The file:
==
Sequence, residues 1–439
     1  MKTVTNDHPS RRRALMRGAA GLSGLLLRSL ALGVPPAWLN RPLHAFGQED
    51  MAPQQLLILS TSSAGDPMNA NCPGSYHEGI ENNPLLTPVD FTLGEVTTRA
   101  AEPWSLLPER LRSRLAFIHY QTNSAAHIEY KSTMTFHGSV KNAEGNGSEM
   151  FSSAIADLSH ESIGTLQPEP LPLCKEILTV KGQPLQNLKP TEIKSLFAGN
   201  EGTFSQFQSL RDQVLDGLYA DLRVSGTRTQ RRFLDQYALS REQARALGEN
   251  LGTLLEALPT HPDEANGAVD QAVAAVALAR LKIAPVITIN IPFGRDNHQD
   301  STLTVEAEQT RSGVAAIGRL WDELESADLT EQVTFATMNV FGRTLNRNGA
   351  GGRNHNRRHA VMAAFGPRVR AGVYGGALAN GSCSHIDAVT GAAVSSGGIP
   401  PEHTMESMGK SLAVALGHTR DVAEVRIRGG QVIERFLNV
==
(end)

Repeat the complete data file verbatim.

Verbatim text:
Sequence, residues 1–439
     1  MKTVTNDHPS RRRALMRGAA GLSGLLLRSL ALGVPPAWLN RPLHAFGQED
    51  MAPQQLLILS TSSAGDPMNA NCPGSYHEGI ENNPLLTPVD FTLGEVTTRA
   101  AEPWSLLPER LRSRLAFIHY QTNSAAHIEY KSTMTFHGSV KNAEGNGSEM
   151  FSSAIADLSH ESIGTLQPEP LPLCKEILTV KGQPLQNLKP TEIKSLFAGN
   201  EGTFSQFQSL RDQVLDGLYA DLRVSGTRTQ RRFLDQYALS REQARALGEN
   251  LGTLLEALPT HPDEANGAVD QAVAAVALAR LKIAPVITIN IPFGRDNHQD
   301  STLTVEAEQT RSGVAAIGRL WDELESADLT EQVTFATMNV FGRTLNRNGA
   351  GGRNHNRRHA VMAAFGPRVR AGVYGGALAN GSCSHIDAVT GAAVSSGGIP
   401  PEHTMESMGK SLAVALGHTR DVAEVRIRGG QVIERFLNV